Please excuse me while I vent. I just can’t keep it in any more,

And since this is my website, I feel like I can let fly for a minute.

Has the whole country gone crazy?  How the hell does someone like Donald Trump get on an international news program and insult the president of the United States??  Who lets him on these news programs?  Has the whole country turned into one big reality television show?

Who the fuck is Donald Trump?  And what’s up with that ridiculous hairdo?  Is he trying to hide his pea-brain under all those layers of folded over hair?

Donald Trump inherited a real estate business from his father. He started out with lots of money. But like most real estate magnates in the U.S., he’s used other people’s money to fund his real estate ventures. If the venture went bust, like most of his Atlantic City holdings, he walked, no muss, no fuss, and the banks ate the losses. How did he and all the other real estate people get away with this shit?  De-regulation of banking and real estate laws, supported by none other than the political party he belongs to. Remember that Donald Trump puts his name on real estate ventures that are funded by other people’s hard earned money. This is the American way?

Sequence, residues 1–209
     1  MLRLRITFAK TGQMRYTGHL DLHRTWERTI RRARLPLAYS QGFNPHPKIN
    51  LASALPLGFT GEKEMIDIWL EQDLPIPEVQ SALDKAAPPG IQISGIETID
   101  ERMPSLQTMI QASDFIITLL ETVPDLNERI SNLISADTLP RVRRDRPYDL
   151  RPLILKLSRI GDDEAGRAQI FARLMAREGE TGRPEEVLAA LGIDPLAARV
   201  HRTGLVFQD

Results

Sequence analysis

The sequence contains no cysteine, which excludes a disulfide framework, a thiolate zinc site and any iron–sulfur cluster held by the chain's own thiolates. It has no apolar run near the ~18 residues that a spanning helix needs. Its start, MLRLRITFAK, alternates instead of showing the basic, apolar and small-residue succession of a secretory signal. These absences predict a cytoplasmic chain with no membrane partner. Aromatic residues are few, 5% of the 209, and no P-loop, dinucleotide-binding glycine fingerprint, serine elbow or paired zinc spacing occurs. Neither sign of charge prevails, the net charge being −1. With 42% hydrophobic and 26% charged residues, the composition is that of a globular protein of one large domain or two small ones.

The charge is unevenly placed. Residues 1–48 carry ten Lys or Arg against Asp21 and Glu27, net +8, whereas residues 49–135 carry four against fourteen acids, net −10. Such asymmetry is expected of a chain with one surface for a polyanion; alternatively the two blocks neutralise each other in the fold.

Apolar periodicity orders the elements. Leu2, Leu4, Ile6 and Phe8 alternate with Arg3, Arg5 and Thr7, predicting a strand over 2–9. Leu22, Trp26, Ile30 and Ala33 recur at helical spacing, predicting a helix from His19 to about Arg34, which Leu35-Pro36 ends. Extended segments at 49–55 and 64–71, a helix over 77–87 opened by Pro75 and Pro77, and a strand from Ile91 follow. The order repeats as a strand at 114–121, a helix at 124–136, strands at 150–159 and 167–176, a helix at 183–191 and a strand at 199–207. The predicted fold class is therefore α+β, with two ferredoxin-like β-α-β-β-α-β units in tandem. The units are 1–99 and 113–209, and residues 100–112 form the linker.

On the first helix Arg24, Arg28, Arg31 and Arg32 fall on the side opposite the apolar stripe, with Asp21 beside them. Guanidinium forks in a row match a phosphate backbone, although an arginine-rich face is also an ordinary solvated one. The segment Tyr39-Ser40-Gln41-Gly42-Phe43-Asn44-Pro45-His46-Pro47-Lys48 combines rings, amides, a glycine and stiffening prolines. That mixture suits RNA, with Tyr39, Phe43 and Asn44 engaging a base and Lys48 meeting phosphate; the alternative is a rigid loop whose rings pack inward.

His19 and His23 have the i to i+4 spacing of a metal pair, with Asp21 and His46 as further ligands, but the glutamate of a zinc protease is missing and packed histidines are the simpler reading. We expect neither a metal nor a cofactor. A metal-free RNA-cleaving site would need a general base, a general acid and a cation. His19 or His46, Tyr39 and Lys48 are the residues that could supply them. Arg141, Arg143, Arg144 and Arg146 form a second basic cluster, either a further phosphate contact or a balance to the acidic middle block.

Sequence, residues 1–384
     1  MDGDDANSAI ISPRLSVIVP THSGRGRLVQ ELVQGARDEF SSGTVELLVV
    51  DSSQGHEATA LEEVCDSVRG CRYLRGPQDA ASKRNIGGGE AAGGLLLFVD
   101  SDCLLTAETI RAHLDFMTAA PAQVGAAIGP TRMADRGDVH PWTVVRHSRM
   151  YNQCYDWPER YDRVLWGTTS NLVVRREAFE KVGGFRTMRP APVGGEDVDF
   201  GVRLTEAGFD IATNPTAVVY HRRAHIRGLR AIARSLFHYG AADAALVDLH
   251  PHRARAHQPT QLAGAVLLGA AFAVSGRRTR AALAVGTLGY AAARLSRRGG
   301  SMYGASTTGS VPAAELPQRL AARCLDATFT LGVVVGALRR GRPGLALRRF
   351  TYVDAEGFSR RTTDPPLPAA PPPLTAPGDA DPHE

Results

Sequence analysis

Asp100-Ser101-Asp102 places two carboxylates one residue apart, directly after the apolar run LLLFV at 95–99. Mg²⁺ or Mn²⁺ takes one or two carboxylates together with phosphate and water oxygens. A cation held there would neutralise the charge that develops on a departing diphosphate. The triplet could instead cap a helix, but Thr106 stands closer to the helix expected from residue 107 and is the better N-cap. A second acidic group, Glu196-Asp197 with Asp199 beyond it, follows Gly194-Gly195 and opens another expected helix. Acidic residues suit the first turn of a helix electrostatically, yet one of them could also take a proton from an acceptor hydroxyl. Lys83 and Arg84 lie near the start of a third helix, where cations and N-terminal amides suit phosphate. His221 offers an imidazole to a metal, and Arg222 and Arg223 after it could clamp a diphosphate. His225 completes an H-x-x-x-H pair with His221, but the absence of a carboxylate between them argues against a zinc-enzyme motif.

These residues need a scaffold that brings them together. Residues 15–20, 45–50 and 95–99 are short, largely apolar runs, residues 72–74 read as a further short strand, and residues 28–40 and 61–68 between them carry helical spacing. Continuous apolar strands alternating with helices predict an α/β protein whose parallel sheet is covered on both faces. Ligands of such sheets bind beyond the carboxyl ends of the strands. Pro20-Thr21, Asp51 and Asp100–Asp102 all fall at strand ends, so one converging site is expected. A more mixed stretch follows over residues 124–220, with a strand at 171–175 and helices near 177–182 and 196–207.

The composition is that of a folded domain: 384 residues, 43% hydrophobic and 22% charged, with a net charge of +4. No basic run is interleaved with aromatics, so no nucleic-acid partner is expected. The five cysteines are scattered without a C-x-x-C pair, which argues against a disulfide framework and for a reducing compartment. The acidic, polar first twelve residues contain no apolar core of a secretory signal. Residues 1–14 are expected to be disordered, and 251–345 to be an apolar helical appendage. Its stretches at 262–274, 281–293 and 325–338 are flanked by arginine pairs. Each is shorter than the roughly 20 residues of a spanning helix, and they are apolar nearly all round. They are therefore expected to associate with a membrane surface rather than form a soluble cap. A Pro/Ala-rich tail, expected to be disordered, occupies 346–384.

Donald Trump is on his third wife. He marries one blond bombshell after another, and trades them in for a younger one after a while, very much like his real estate ventures. Where does this asshole get off questioning the validity of Obama’s citizenship and college training??  Unbelievable!  I’m ashamed that something like this can happen in the U.S. Freedom of speech is one thing. Slander and idiocy are something altogether different.

Donald Trump undoubtedly makes far more money doing his reality T.V. show than he does in real estate. He pretends to be a boss of a fantasy corporation on his  show, hiring and firing people. He is a boorish, self-involved, loudmouth. How does someone with these questionable attributes  get as far as even being considered for the job of president of the United States? Lets thank reality T.V.and the media for this.